Ruins…ruined…beautiful

November 3, 2010

 The Renaissance humanists found beauty in ruins.   They took what they could dig up.  They thought the best was behind them, and they sought to live up to the ancient ideals.  Was this the first example of stylistic revivalism?

 

Later on, archaeologists got to work on those beautiful ruins.  Enlightenment artists like Piranesi took a methodical interest in the remnants of Classical Civilization, and produced views of it that were part postcard, part scientific document, and part aesthetic reverie.

Finally, the Romantics found ruins beautiful, but only certain kinds of ruins.

Today, the aesthetic back and forth between beauty and ugliness, the sordid and the sublime, the natural and the artificial continues, as always.

Now, there are a bunch of photographers who love to take pictures of industrial decay.  Some call it industrial decay pornHaving spent lots of time in Detroit, I can understand the frustration of the person in this link.  Others are clearly entranced by the aesthetic possibilities of magnificent abandoned sites, as in these pictures on Flickr.  Not sure how they would feel about their subjects if they were simply unemployed with no propsects, after working on the factory line…

This color image is almost over the top, but it looks very much like factories I visited on Doremus Avenue, NJ, which is shown in the B&W image at the top.  Doremus was the center of the chemical industry in the USA during the late 19th and early 20th century. (More images here.)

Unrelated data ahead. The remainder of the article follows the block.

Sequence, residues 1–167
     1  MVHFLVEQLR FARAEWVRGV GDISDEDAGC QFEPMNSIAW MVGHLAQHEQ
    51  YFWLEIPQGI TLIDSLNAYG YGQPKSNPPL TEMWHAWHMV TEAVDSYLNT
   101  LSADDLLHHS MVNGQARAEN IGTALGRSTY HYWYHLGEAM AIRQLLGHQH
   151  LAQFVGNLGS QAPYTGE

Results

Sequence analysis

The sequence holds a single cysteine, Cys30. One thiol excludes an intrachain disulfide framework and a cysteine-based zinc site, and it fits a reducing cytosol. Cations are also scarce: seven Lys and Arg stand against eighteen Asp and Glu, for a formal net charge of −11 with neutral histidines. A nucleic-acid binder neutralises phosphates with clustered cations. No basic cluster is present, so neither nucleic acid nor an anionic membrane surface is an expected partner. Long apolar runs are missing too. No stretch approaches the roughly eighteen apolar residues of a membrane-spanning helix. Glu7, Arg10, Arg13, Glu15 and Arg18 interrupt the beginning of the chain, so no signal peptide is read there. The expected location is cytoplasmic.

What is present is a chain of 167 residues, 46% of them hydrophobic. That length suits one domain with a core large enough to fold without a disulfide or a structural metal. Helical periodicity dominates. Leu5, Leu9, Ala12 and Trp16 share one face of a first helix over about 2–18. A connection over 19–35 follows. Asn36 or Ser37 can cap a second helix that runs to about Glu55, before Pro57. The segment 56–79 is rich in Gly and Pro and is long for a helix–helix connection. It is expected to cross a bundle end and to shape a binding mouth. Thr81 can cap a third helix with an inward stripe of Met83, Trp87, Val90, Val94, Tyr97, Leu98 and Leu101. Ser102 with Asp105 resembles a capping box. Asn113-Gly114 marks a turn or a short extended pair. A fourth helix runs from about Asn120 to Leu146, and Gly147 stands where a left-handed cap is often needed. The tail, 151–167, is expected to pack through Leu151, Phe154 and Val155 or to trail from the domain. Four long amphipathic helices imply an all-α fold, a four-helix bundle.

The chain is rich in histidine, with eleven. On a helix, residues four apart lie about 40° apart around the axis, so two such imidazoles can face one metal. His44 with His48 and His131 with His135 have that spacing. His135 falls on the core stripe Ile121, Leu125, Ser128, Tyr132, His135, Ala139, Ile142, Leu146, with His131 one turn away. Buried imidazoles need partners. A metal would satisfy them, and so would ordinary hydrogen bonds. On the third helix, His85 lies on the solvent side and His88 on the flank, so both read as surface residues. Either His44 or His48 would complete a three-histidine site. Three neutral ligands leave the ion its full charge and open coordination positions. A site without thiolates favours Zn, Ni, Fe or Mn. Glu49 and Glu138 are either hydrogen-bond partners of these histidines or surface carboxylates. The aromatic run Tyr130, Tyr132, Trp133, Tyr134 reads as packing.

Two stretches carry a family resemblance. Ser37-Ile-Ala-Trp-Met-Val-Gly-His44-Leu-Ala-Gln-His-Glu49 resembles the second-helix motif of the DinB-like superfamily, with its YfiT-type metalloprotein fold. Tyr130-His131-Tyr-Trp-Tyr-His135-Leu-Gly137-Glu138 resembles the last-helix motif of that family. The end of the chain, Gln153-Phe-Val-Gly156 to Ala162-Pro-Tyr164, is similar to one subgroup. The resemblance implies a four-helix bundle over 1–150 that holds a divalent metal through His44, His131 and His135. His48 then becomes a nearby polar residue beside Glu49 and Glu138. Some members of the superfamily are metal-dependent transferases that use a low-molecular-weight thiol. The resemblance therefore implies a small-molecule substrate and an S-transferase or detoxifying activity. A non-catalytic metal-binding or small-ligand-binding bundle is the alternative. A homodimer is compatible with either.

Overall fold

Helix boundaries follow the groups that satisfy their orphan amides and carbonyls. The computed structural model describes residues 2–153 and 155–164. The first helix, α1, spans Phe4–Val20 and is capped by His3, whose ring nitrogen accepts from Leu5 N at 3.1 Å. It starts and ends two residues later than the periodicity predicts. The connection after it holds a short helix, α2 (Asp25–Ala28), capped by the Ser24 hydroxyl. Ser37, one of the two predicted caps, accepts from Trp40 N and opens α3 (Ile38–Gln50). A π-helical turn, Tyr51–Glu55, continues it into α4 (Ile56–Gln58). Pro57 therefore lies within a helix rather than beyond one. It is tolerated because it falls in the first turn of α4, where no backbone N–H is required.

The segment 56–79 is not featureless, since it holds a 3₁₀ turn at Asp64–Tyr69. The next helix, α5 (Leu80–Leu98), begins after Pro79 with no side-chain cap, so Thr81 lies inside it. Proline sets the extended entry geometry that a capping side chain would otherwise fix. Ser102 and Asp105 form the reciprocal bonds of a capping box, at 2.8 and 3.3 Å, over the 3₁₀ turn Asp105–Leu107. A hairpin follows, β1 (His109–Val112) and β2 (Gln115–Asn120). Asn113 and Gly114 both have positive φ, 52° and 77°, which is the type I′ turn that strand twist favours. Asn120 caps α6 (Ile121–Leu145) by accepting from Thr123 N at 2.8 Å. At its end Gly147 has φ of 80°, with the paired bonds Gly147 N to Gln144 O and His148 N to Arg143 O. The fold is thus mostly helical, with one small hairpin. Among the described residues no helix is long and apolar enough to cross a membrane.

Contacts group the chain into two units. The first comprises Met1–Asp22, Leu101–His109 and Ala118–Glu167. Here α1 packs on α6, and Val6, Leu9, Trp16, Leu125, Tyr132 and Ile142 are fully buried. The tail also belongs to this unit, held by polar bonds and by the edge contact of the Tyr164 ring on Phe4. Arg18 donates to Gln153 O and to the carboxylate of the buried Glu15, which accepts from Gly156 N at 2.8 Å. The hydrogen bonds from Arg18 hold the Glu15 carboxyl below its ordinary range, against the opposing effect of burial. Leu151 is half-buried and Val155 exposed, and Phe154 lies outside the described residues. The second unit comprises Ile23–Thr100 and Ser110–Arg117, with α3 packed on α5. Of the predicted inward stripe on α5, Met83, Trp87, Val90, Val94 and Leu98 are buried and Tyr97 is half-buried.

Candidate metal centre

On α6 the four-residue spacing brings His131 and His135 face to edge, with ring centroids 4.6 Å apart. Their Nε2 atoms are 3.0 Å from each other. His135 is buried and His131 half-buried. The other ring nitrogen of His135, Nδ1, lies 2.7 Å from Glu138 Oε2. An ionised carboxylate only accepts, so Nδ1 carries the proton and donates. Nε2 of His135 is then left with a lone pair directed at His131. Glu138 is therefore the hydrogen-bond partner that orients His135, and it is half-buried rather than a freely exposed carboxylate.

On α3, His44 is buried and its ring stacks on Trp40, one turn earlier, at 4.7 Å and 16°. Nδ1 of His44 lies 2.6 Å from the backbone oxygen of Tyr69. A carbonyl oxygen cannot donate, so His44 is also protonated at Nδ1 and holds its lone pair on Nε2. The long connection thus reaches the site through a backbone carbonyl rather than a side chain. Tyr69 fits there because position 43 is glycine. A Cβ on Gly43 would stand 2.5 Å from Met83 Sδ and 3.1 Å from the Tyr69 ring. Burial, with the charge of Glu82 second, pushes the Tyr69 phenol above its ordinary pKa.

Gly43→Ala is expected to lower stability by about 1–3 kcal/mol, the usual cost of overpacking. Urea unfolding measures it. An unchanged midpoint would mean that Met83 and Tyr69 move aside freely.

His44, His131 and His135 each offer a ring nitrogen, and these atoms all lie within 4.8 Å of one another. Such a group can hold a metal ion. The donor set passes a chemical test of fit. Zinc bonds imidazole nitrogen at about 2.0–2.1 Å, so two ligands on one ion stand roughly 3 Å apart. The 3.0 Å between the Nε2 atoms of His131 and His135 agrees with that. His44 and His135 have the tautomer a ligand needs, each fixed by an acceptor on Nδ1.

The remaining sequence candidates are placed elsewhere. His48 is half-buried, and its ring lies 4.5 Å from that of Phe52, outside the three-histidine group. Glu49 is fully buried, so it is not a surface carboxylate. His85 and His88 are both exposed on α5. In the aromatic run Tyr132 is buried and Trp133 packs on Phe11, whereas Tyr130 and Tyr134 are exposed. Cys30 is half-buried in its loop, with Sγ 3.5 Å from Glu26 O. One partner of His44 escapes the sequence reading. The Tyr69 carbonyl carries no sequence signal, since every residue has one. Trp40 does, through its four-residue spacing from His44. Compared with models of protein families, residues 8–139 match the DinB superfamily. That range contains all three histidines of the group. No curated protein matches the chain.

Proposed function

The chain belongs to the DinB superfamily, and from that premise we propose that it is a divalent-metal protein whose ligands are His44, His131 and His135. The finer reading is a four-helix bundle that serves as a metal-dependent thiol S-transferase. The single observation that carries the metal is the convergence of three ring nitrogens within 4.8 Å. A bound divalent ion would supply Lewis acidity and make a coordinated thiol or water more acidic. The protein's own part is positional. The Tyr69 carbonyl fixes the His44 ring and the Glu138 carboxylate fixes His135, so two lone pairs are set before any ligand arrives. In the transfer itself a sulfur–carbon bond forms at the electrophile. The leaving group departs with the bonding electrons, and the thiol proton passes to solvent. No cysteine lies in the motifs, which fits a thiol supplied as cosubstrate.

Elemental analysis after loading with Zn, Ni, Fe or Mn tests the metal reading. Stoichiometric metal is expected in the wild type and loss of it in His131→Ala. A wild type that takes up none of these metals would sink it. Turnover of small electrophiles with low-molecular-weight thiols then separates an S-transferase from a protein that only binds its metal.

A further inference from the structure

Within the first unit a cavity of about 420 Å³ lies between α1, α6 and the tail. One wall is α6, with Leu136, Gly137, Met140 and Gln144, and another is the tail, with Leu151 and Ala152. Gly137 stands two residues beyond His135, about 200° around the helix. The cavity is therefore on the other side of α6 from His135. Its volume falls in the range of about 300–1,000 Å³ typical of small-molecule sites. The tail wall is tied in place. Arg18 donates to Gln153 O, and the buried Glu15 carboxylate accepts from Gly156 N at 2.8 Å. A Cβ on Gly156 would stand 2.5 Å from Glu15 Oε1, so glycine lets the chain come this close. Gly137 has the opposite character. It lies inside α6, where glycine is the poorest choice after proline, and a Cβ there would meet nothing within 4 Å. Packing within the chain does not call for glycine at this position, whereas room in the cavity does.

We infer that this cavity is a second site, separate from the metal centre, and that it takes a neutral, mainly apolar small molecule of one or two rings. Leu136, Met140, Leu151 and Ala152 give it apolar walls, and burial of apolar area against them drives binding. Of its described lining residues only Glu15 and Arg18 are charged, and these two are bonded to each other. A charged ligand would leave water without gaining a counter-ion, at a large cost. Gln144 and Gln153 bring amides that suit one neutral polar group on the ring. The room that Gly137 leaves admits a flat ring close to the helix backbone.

Is it the romance of industry that draws them?  The Ozymandias outlook?  Fascination with decadence?  Purely aesthetic possibilities of texture, space, tone?  The image at the bottom left looks positively Piranesian, while the one on the right is simply depressing in its presentation of utter decreptitude.  Would these subjects be interesting to anyone but engineers if they were functioning and in good repair?  (I know there are photographers of contemporary industry too…)

Plowden was making a statement, a plea, with his photographs of American wastelands, but these images seem contemplative and a bit voyeuristic.  At least on the Web, I find very little interest in what the subjects actually are, what they were for,  only how they look.

 

Coming full circle, sort of, we have the image below which shows not ruins, but a functioning geothermal plant in Iceland.  No ice to be seen; bathers and boaters frolic in this Edenic scene from Dante’s Inferno.  An absolutely mind-bending union of thematic opposites.


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